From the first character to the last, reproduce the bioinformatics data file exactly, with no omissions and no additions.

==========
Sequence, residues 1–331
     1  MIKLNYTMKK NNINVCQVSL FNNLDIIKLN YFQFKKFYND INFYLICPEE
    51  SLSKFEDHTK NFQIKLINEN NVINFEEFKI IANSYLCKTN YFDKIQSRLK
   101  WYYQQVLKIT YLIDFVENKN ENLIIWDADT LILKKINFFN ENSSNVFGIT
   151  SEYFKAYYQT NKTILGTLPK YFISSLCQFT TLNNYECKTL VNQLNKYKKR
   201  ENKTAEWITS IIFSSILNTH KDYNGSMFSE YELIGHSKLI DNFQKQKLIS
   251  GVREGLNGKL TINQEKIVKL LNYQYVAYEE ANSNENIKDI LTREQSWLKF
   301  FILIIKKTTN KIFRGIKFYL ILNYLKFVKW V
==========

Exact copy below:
Sequence, residues 1–331
     1  MIKLNYTMKK NNINVCQVSL FNNLDIIKLN YFQFKKFYND INFYLICPEE
    51  SLSKFEDHTK NFQIKLINEN NVINFEEFKI IANSYLCKTN YFDKIQSRLK
   101  WYYQQVLKIT YLIDFVENKN ENLIIWDADT LILKKINFFN ENSSNVFGIT
   151  SEYFKAYYQT NKTILGTLPK YFISSLCQFT TLNNYECKTL VNQLNKYKKR
   201  ENKTAEWITS IIFSSILNTH KDYNGSMFSE YELIGHSKLI DNFQKQKLIS
   251  GVREGLNGKL TINQEKIVKL LNYQYVAYEE ANSNENIKDI LTREQSWLKF
   301  FILIIKKTTN KIFRGIKFYL ILNYLKFVKW V